Can we find the political will to bring Malaysian education to the next level in this generation?

OUR education system is getting nowhere. Unless efforts are carried out to overhaul the system, we will continue to deceive ourselves as among the world’s best.

Suffice to say that both the Programme for International Student Assessment (PISA) 2022 and the recent World Bank report do not offer anything flattering on the country’s standard of education.

If something is to be done, the Higher Education Ministry has to acknowledge that there are weaknesses in the system and start addressing them. Sarawak is able to revamp its education system because Sarawakians are ready for it.

In West Malaysia, the question is even if Prime Minister Datuk Seri Anwar Ibrahim wants change, are people willing to stand by him against a small group of rabble rousers?

Education system revamp

It is timely for Johor regent Tunku Ismail Sultan Ibrahim (TMJ) to call for a national education reform but I am sure the TMJ is only talking about changes to the national syllabi as just the starting point.

This young netizen in an undated video which has gone viral is trying to wake us up on why Malaysian graduates are not employable or sought after – something that we have all known about for a long time – but are people willing to stand by him?

If not, one cannot blame young Malay boys for abandoning their pursuit of higher education with some rather working as Grab delivery boys or for the more adventurous ones to seek employment in Singapore.

In the meantime, Chinese parents pay through their noses just to provide their children with a decent education at local private higher education institutions (PHEIs) where the quality of education is found wanting.

Unqualified professors aplenty

In one particular year, immediately after a PHEI in the Klang Valley received its university college status, some nearly 40 teaching and non-teaching staff received their glamourous academic titles but many of them did not even have a doctoral degree.

By comparison, a search on the staff directory of Monash University Malaysia yielded more lecturers with PhDs than professors or associate professors.

To address the education rot, the first initiative is to carry out a thorough review of our professors and associate professors based on stringent standards established by worldclass universities.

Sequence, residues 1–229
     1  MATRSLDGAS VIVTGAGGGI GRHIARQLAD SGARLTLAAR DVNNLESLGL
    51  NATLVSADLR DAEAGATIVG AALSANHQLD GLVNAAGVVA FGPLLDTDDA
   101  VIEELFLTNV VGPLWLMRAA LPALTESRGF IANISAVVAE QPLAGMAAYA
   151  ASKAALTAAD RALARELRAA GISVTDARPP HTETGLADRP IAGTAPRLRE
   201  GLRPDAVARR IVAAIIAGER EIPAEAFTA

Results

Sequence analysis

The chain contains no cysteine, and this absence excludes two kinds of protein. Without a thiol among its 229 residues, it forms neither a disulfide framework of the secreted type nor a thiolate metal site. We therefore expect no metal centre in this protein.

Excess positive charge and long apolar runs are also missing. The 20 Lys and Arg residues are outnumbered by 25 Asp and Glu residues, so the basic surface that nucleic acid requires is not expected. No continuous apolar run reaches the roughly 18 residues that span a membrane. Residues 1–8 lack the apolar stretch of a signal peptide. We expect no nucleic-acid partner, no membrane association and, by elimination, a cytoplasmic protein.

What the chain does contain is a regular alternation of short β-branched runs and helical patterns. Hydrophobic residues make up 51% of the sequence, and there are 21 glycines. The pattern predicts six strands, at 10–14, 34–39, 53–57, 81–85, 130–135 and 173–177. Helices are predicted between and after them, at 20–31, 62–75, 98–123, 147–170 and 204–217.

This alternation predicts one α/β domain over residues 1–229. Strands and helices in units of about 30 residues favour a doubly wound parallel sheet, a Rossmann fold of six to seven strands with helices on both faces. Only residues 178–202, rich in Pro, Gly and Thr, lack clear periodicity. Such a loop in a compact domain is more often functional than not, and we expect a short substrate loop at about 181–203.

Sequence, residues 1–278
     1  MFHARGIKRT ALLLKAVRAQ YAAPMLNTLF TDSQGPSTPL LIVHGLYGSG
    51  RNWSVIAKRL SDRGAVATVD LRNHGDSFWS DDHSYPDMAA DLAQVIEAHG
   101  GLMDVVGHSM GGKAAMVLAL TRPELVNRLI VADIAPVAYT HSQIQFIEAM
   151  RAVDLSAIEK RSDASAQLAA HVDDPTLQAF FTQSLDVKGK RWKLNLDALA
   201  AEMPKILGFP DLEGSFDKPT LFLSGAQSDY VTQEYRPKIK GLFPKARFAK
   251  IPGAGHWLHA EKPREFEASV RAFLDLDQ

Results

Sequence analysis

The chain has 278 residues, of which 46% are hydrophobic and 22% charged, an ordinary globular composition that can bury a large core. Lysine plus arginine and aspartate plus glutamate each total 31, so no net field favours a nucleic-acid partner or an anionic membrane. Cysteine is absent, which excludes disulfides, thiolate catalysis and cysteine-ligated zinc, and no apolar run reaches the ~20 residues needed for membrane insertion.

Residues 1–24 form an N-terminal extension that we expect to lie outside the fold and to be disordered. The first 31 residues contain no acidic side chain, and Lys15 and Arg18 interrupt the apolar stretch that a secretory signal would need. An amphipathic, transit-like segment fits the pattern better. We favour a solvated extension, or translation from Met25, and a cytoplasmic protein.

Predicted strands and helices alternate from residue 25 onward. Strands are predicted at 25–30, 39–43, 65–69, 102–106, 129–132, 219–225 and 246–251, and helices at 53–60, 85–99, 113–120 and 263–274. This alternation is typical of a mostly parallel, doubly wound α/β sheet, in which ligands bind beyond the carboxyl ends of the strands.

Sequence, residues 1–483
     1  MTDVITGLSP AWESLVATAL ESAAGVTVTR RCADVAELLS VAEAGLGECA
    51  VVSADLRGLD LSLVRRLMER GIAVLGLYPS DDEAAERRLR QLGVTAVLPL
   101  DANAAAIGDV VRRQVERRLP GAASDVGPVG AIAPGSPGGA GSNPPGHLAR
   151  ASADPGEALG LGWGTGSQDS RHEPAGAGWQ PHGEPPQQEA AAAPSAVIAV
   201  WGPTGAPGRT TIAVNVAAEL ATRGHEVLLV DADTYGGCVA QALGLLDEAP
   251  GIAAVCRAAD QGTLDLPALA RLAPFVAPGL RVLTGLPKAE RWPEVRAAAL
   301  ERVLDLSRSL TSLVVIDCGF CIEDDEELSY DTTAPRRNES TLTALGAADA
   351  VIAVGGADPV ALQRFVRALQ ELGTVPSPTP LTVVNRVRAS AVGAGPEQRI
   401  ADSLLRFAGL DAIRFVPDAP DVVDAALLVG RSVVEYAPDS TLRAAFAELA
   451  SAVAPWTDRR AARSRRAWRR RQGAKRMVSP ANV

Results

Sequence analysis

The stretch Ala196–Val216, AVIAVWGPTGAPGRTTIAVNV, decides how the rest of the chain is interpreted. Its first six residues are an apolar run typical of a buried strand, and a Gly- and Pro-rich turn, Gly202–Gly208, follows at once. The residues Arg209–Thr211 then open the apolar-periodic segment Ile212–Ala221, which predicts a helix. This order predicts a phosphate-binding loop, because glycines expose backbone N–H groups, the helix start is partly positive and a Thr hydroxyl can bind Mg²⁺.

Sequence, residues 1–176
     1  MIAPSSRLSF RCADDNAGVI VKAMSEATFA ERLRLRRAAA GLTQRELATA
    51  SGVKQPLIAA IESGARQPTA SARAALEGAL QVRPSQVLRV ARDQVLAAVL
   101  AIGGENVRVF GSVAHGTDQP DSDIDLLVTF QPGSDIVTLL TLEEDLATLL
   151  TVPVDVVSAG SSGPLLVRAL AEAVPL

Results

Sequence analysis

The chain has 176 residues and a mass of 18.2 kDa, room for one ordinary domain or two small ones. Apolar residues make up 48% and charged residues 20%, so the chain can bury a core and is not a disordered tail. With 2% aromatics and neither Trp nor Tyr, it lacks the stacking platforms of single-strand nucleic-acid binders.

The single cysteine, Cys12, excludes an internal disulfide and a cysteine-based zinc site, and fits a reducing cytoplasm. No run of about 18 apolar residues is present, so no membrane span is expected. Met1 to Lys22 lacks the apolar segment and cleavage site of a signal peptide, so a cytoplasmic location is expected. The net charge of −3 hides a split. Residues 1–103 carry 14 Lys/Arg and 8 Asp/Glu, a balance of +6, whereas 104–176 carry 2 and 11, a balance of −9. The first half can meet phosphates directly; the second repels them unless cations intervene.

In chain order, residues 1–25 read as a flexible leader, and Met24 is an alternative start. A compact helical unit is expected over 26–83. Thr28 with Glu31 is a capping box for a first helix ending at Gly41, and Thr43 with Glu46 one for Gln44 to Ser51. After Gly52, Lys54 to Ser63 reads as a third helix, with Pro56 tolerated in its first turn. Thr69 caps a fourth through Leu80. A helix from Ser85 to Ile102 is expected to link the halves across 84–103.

This cannot even be done even with the best syllabi if the teaching staff are unqualified themselves. What then can we expect of the graduates they produce? Netizens do not coin the moniker “kangkong” professors for no reason.

While fanciful titles can be an ego booster especially to PHEIs, they do not lend weight to the quality of their teaching and research.

Higher Education Minister Datuk Seri Zambry Abd Kadir (second from left) witnessing the recent memorandum of exchange (MOU) ceremony to make Malaysia as a global higher education hub between Universiti Putra Malaysia (UPM) and the University of Brunel (UB) and University of Portsmouth (Image credit: Zambry Abd Kadir Facebook)

Raise the bar for entry requirements

The second initiative is to raise the bar for entry requirements. Entry into top universities around the world are based on the entry requirements than the quota. These universities attract only the best students into their degree programmes.

This will be the acid test to see if we are ready for change. If not, we can continue talking about brain drain but our home-grown talents will always look for greener pastures elsewhere.

Suffice to say that our universities will end up as just degree millers and graduates will have to be contented with lower paying jobs.

What can they expect when unexplainable high numbers of postgraduates are produced every year and they themselves are unable to get the jobs they want?

The third and final point is to keep politics out of education. The reasons are obvious and it needs no further elaboration. – April 23, 2024


Stephen Ng
Kuala Lumpur

The views expressed are solely of the author and do not necessarily reflect those of Focus Malaysia.

Main image credit: Universiti Malaya Facebook

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